From the Pastor – July 5, 2009

This week we celebrate “Independence Day,” the “birthday” of the United States of America.It’s a day when we celebrate our “Freedom.” The Declaration of Independence was the document by which the people of the New World cast off the “yoke of slavery” of their former ruler – the King – and formed a government based on very important truths: “We hold these truths to be self-evident, that all men are created equal, that they are endowed by their Creator with certain unalienable Rights, that among these are Life, Liberty and the pursuit of Happiness.”

I’m sure we all have fond memories of celebrating this day with fireworks, hot dogs, picnics and family.But it’s always good to remember the spirit behind the Declaration. Freedom is ultimately rooted in God-given truths, and apart from them there can be no authentic freedom. As Jesus said: “If you continue in my word, you are truly my disciples, and you will know the truth, and the truth will make you free.” (Jn 8:31-32).

Neither an individual nor a country that does not remain rooted in objective truth can live in true freedom. If we are serious about our faith and our citizenship as Americans, we should understand the Christian concept of freedom: “Freedom is the power, rooted in reason and will, to act or not to act, to do this or that, and so to perform deliberate actions on one’s own responsibility. By free will one shapes one’s own life. Human freedom is a force for growth and maturity in truth and goodness; it attains its perfection when directed toward God, our beatitude [true happiness]”¦ Freedom characterizes properly human acts. It is the basis of praise or blame, merit or reproach.The more one does what is good, the freer one becomes. There is no true freedom except in the service of what is good and just. The choice to disobey and do evil is an abuse of freedom and leads to “the slavery of sin.”(Catholic Catechism, 1731-1733)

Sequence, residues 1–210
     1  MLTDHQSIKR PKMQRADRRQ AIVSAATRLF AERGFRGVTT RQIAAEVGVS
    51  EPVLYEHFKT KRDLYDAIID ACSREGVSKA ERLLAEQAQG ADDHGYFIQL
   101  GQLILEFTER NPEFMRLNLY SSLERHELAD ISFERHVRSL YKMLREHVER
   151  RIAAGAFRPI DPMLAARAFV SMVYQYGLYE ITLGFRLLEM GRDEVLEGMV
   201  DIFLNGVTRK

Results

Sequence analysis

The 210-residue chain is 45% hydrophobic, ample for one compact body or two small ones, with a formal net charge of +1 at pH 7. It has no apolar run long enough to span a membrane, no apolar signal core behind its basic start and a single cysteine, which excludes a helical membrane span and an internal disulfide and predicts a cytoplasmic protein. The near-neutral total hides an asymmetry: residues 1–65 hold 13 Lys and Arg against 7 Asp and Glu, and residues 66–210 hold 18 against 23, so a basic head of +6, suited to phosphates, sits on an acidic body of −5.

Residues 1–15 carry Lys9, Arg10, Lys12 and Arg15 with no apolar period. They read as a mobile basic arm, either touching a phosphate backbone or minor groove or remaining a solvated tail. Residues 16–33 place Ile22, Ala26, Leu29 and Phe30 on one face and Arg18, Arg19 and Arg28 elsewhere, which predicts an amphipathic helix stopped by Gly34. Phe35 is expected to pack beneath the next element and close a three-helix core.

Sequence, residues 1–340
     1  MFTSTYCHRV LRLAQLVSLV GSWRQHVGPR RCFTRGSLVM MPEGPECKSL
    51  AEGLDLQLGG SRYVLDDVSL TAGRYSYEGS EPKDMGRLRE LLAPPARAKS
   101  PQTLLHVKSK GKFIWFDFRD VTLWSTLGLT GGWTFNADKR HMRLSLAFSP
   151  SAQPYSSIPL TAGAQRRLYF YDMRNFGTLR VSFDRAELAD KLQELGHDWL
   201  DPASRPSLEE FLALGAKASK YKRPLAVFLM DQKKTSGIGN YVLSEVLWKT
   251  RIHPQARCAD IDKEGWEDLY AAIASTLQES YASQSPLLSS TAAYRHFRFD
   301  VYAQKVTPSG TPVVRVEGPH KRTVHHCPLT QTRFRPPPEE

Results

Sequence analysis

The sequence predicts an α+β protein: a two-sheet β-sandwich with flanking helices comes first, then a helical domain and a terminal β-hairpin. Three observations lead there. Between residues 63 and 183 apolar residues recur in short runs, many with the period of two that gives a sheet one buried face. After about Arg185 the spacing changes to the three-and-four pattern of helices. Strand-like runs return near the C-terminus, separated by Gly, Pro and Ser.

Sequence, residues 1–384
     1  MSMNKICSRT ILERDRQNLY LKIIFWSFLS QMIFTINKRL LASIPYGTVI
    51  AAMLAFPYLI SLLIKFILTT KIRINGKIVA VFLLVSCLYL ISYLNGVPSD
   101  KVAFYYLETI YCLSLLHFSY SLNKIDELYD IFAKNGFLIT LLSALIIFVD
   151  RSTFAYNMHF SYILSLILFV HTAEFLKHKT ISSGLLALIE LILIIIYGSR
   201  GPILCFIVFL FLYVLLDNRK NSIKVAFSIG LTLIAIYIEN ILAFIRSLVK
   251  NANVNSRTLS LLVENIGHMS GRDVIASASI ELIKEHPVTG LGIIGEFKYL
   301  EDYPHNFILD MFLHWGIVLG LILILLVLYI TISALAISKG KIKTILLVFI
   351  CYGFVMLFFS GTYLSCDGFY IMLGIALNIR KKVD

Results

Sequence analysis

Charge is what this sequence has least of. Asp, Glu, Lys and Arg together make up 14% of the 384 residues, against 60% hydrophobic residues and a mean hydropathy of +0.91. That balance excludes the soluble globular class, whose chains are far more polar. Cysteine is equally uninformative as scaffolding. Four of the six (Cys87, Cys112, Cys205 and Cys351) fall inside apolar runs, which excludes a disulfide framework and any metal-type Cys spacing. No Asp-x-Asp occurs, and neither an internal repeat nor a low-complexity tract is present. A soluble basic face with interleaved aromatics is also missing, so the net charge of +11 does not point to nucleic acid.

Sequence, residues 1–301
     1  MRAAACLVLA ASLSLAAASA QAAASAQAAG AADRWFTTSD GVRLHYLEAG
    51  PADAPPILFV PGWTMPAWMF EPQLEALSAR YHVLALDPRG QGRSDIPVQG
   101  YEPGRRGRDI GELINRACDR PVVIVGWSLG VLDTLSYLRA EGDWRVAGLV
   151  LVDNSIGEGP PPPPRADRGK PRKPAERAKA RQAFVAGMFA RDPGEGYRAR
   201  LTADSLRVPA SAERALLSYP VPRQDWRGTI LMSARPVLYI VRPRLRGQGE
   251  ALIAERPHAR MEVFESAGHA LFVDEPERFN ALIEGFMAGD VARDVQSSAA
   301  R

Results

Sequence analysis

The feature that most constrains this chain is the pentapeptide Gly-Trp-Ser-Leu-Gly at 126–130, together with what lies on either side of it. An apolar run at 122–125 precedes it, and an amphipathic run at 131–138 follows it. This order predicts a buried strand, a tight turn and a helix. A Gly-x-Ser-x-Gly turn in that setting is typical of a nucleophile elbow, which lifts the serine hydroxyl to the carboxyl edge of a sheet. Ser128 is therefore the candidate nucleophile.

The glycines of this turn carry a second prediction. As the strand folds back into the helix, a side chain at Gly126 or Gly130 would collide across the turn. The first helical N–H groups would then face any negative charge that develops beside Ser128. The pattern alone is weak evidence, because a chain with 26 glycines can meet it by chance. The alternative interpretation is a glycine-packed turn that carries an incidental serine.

One of the most common errors of our time is to confuse true freedom with “license.” L icense means doing whatever one wants, regardless of whether it is right or wrong.But we are not morally free to do whatever we want. Only when rooted in truth and acting in truth can we hope to be free. I remember the famous “Russian” comic from the 1980’s, Yakov Smirnoff.He used to say (in broken English): “What a county, America! We have choice!” And he was right.But our choice must always be directed to what is good and just. Choosing to do evil is not freedom. Some choices are wrong. On this Independence Day weekend, let’s thank God for our freedom, but let’s not sit idly by while the forces of darkness divorce freedom from truth. Let us live as Christian people with true freedom by doing good and avoiding evil. By doing so, we are being the most authentic Americans possible – those committed to those inalienable rights from God: life, liberty and the pursuit of happiness.May God bless America!

Rev. Msgr. Christopher H. Nalty